Wednesday, 30 December 2009

''No photos, we're a supermarket''

Supermarkets, what are they like? Very often, my choice of supermarket is governed by some small item that I want to buy and then the rest just sort of arrives in the basket. Very often this means mustard. I'm a bit fussy with mustard: the Colmans English has bite but not a well-rounded flavour, Dijon is ok as a standby but I prefer German- or Jewish-style mustard. I once got stopped at Geneva airport because of the tubes of mustard (Swiss mi-fort mustard comes close) in my hand baggage. Apparently, if they'd let me through with the mustard I could have applied it to my body and blown the plane up. Confiscated. But all this is another subject...

Back to supermarkets: Somerfields in Greenwich used to sell German mustard. They stopped. Sainsburys used to do an own-brand German-syle version. They stopped. Tescos in Surrey Quays used to sell a German mustard until a couple of years ago. They stopped. I've all but given up now, though I now tend to cycle to Waitrose in Beckenham just to buy their Tewkesbury mustard, which is usually a 10 mile journey. So I tend to buy 2 jars at a time. (Ok, I could go the the nearer Canary Wharf Waitrose, but that wouldn't be as much fun.)

And sometimes I just stop at any old supermarket on the return leg of a little ride. Just before Christmas I stopped at ASDA at Charlton. Now, there's absolutely no chance of getting decent mustard there - but there are also no hills or stairs before I get to the foot of my incontournable 67 stairs at home. Anyhow, having previously looked around in vain for a proper place to lock the bike and noting that their customers are generally the fattest I have ever seen - I decided to avail myself of the camera I had with me for evidence of their lack of facilities. So I took this one, because although the railing is not meant for bikes, it's all I'd ever seen.And then I set off round the corner where I'd seen a sign for motorbike parking and a very tidy smoking shed but nothing for cyclists. And I took 2 pics of that. However, some ASDroid having a ciggie took exception to me taking photos. He emerged from the shed and informed me that ASDA do not allow photos to be taken of ASDA facilities (OR LACK OF) or of ASDroids. Not being interested in the photo that he could conceivably have been identified in, I deleted it in front of him. I then told him that I was taking photos of ASDA facilities (LACK OF) and that if he wanted me to delete the previous photo he'd have to restrain me and call the police. At this point, he got out his phone out to call the police.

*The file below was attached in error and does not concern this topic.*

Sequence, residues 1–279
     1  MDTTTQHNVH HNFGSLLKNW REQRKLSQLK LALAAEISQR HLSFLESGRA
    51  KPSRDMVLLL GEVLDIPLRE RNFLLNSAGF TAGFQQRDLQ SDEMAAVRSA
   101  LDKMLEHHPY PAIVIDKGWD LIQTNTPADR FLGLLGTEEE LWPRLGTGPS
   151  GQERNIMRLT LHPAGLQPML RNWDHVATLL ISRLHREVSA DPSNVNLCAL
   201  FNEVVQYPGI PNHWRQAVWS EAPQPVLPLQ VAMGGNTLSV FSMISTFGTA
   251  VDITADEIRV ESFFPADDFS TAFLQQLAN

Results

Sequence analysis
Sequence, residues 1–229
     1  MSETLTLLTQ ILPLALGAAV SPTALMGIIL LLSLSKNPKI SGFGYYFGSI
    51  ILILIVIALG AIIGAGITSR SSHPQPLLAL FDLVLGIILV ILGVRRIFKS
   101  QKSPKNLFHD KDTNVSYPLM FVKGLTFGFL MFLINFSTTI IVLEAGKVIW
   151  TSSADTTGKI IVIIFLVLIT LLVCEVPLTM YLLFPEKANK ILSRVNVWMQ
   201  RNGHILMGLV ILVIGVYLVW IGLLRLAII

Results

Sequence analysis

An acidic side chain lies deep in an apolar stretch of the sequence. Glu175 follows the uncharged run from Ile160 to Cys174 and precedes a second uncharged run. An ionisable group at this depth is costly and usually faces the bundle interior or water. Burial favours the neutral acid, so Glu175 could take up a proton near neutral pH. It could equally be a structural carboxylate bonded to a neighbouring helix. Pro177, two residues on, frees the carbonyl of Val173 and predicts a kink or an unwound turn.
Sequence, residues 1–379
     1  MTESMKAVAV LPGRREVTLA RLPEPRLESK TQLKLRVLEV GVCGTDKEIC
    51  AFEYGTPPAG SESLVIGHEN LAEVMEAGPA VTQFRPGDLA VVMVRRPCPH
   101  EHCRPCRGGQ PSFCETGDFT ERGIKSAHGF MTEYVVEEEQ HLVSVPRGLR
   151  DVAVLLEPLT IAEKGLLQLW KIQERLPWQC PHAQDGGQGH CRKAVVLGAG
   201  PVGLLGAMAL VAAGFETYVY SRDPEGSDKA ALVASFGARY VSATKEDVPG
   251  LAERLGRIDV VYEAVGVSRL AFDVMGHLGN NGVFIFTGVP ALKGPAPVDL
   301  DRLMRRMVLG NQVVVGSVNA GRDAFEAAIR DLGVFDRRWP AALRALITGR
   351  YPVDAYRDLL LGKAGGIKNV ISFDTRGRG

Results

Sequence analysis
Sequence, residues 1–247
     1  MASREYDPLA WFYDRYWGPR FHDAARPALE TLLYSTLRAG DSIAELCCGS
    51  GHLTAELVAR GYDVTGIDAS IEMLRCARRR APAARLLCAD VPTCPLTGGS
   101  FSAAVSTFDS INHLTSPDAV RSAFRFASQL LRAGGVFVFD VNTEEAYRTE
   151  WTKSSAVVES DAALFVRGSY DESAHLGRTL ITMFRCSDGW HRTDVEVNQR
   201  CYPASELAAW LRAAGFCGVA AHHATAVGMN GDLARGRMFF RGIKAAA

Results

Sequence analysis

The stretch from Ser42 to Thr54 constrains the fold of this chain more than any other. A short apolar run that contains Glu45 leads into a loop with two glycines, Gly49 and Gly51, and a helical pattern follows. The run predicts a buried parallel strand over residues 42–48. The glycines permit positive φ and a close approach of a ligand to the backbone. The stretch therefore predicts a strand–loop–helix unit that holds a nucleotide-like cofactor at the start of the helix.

So I said, ''Are you going to restrain me?''
''No,'' was the reply.
''Oh well, I'll be on my way, then.''